Brothers get their kicks together

BY AARON GOILE
Last updated 13:00 09/06/2010
Kickboxers training for the junior world championships
MARK TAYLOR/Waikato Times
BUILDING UP: Otis Rowe, left, and brother Don are working toward the junior world championships.

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Play fighting at the Rowe household has the ability to turn serious thanks to the abilities of brothers Don and Otis, who are making their mark as kickboxers.

The brothers are upping their training for their biggest event yet – the WAKO Junior World Championships in Serbia in September – and they will head overseas as part of a 13-strong New Zealand team.

Don, 16, is in year 12 at Hamilton Boys' High School and has been in the sport for about the same time as 11-year-old Otis, who is in year 7 at Melville Intermediate.

After Don's friend earlier drew him to Muay Thai, a back injury and a trip to Thailand in late 2008 lured him into kickboxing.

"Just from seeing all the kickboxers over there, made me want to get into it," Don said.

"So we came back and joined up to a kickboxing gym, because in Muay Thai you can't fight until your 18."

That was the clincher for Otis also, as getting in the ring was the real attraction.

"You don't have to train for three years before you can get a fight," he said.

"I just like kickboxing because there's more variety (in terms of the different disciplines)."

The duo joined Phantom Kickboxing in Melville early last year and have continued training with them.

The club has about 40 members, with 10 of those actually fighting.

"On Mondays and Thursdays it's a public training," Don said.

"We do pad work, light sparring and fitness, then on Fridays the group of us 10 fighters travel over to (Phantom) Te Awamutu because they've got a really good gym with a decent ring and lots of bags."

"Quite a bit of it is fitness," Otis said of the sport.

Josh Clarke is the coach at the club and both Rowes are in awe of him.

"My coach is my first idol. He's so much more dedicated than anyone I've ever seen before," Don said.

And in terms of "famous people", Croatian Mirko Filipovic is their favourite.

Making the junior world champs is the biggest achievement for both boys so far, although Don's national under-17 open weight title win last year is also a highlight.

"It was quite a big achievement, especially cause I hadn't been in the sport that long and there were a lot of people that had been doing it since they were five, so it was good to come along and do that well," he said.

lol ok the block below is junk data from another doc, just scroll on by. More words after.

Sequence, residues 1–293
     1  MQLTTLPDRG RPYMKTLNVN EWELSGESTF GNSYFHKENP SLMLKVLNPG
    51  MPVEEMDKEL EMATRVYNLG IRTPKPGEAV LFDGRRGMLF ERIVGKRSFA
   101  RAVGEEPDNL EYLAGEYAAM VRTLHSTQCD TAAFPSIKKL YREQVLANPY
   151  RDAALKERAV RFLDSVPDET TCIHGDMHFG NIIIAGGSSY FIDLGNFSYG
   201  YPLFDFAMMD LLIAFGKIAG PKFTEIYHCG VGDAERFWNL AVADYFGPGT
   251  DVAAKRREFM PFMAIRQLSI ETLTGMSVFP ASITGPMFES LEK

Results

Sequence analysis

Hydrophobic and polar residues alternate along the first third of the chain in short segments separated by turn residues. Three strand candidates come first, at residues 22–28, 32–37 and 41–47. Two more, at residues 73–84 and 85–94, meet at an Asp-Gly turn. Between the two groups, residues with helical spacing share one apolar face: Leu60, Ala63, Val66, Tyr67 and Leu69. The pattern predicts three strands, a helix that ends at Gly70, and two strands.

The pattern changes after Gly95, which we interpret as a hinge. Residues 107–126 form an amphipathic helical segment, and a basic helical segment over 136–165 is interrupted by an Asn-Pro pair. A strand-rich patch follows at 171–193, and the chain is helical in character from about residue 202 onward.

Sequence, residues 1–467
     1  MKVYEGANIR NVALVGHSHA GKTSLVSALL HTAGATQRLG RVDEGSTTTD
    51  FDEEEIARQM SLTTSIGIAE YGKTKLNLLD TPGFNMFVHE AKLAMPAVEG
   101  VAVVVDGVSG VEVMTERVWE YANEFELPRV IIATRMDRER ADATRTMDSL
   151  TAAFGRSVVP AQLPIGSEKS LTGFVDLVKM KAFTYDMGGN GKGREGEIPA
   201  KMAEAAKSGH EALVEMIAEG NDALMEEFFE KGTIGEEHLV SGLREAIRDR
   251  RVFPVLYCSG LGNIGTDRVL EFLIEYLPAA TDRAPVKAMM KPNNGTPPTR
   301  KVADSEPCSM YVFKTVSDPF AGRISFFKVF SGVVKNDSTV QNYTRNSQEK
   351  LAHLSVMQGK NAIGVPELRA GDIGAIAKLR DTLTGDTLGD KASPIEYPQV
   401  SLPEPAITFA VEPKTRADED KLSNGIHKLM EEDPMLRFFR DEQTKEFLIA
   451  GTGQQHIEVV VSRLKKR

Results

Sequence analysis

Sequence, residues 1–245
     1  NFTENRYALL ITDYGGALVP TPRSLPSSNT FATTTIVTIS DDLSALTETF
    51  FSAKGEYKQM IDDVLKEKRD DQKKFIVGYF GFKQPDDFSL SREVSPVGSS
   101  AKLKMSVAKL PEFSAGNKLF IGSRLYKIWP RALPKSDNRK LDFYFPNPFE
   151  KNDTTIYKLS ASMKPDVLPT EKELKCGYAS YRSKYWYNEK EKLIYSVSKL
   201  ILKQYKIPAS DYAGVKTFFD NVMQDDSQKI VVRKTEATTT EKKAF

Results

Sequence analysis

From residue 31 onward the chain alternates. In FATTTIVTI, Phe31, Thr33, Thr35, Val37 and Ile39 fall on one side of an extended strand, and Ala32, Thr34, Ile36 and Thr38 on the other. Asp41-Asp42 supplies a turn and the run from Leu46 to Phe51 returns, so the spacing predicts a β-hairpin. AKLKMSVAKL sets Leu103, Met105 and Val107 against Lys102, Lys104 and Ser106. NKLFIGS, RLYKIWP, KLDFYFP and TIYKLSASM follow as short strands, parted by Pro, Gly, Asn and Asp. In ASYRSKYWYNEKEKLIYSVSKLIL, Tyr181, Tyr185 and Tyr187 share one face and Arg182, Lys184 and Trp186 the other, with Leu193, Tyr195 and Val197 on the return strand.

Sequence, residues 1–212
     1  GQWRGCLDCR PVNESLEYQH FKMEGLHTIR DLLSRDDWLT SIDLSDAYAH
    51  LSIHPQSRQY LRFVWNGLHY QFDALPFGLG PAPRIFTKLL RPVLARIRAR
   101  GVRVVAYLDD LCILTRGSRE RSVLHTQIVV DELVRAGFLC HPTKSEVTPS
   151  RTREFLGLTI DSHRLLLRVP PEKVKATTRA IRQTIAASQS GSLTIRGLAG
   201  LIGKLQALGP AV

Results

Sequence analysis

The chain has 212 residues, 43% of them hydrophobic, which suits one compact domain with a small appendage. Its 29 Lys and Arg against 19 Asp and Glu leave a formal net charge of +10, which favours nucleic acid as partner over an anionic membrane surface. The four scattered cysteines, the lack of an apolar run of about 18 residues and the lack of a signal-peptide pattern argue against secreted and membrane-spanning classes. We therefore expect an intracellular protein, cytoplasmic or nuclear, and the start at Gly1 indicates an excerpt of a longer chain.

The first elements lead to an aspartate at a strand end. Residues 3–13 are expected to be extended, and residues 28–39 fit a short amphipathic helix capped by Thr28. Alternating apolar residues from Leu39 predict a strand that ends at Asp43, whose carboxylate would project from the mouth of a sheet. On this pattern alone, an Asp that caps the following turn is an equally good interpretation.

At the world event he will compete in the 16-18 years heavyweight division in both the semi contact and light continuous disciplines, while Otis will contend the under-12, 42-47kg semi contact.

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The competition will give the brothers an insight into how talented some of their overseas opponents are.

"In Europe the sport's a lot bigger," Don said. "It's going to be pretty hard.

"I kind of have an idea of the skill level. There will be some really really decent fighters, because it's under-18 and I'm 16."

But coming up against older guys doesn't overawe him a great deal.

"It's not scary, the worst that can happen is you get knocked out and that's it. It just means I have to train a bit harder."

The cut-throat nature of the competition means that the boys could get to Serbia and be eliminated in their first fight, in which case they will stay on and train for a week.

But Otis has high hopes. "I'm looking forward to having the experience of going overseas and competing. I want to get gold."

And Don has already thought about making a living through the sport.

"Not so much in New Zealand but if I was to travel overseas there's definitely the potential to make money over there," he said.

"I'd like to take kickboxing as far as I can. Chances are I'll break a leg or something in a couple of years doing something silly, but I'd like to go as far as I can. And even if I couldn't be a professional I'd still do it just for fun."

- Waikato Times

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